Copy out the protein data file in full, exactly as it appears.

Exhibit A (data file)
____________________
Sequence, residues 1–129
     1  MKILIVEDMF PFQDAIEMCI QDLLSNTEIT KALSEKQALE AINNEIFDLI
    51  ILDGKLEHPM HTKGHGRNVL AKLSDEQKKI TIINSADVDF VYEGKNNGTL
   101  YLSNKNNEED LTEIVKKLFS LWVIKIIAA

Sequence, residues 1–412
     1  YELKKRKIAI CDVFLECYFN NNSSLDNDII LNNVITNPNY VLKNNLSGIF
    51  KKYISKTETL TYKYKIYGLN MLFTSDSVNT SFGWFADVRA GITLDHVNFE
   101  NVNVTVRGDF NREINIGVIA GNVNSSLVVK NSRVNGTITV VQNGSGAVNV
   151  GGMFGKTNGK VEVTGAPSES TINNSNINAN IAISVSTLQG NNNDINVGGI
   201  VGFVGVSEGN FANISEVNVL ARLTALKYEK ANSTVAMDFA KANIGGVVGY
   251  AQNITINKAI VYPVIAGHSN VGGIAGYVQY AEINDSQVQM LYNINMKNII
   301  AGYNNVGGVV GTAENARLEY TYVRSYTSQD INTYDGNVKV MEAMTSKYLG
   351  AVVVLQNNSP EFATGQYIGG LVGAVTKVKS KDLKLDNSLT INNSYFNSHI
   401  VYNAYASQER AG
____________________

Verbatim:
Sequence, residues 1–129
     1  MKILIVEDMF PFQDAIEMCI QDLLSNTEIT KALSEKQALE AINNEIFDLI
    51  ILDGKLEHPM HTKGHGRNVL AKLSDEQKKI TIINSADVDF VYEGKNNGTL
   101  YLSNKNNEED LTEIVKKLFS LWVIKIIAA

Sequence, residues 1–412
     1  YELKKRKIAI CDVFLECYFN NNSSLDNDII LNNVITNPNY VLKNNLSGIF
    51  KKYISKTETL TYKYKIYGLN MLFTSDSVNT SFGWFADVRA GITLDHVNFE
   101  NVNVTVRGDF NREINIGVIA GNVNSSLVVK NSRVNGTITV VQNGSGAVNV
   151  GGMFGKTNGK VEVTGAPSES TINNSNINAN IAISVSTLQG NNNDINVGGI
   201  VGFVGVSEGN FANISEVNVL ARLTALKYEK ANSTVAMDFA KANIGGVVGY
   251  AQNITINKAI VYPVIAGHSN VGGIAGYVQY AEINDSQVQM LYNINMKNII
   301  AGYNNVGGVV GTAENARLEY TYVRSYTSQD INTYDGNVKV MEAMTSKYLG
   351  AVVVLQNNSP EFATGQYIGG LVGAVTKVKS KDLKLDNSLT INNSYFNSHI
   401  VYNAYASQER AG